Here’s a great trailer for the book:

Joshua Kemble is a full-time art director, freelance illustrator, and Xeric Award-winning cartoonist. His illustration clients have ranged from Scholastic to Random House. Joshua was born in 1980 in Tarzana, California, and grew up in the Antelope Valley. He received his BFA and MFA in Illustration from California State University of Long Beach and resides in Lancaster, CA, with his wife and fellow artist, Mai S. Kemble, and son Benjamin. He has taught college art courses in design and illustration, and co-hosts both The Artcasters and 48-Hour Art Check. You can see Josh’s work at www.joshuakemble.com.

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Corey Sobel

Don’t Judge a College Athlete by Their Cover – Ep 83 with Corey Sobel

The Redshirt challenges tenacious stereotypes, shedding new light on the hypermasculine world of American football. Over the course of their first year playing for a Division One college football program that is willing to win at all costs, roommates Miles Furling and Reshawn McCoy are forced to choose between their true selves and the selves that have been imposed on them by the game.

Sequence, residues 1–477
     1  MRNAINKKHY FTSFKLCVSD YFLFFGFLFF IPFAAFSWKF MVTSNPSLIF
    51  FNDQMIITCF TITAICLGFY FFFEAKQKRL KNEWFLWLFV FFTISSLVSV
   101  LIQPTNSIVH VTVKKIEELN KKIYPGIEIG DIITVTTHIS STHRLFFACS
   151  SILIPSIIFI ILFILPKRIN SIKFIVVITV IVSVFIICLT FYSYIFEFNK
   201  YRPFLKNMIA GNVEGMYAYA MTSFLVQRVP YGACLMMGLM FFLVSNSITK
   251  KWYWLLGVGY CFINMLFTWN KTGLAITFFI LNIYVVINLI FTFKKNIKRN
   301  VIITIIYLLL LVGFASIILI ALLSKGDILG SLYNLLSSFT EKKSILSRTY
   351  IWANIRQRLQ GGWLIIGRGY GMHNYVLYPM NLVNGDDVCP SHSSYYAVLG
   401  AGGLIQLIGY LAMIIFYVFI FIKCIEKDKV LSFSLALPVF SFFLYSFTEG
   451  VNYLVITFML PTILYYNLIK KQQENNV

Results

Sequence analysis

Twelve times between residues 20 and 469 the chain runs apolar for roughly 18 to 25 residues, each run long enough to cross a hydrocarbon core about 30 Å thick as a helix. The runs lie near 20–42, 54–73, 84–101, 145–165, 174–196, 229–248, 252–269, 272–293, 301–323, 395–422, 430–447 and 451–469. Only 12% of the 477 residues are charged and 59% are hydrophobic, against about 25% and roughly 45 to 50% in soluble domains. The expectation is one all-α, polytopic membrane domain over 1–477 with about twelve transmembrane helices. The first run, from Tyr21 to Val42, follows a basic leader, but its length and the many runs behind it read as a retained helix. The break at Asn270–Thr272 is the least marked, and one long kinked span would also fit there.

Corey Sobel’s debut novel, The Redshirt, was published by the New Poetry & Prose Series at the University Press of Kentucky on October 13, 2020. The Redshirt is a finalist for the Center for Fiction’s First Novel Prize, and is one of NPR’s Favorite Books of 2020. Sobel also has non-fiction published by or forthcoming from The Wall Street Journal’s book section, Esquire, Largehearted Boy, and HuffPost, and he edits the column “Music for Desks” at Epiphany Magazine.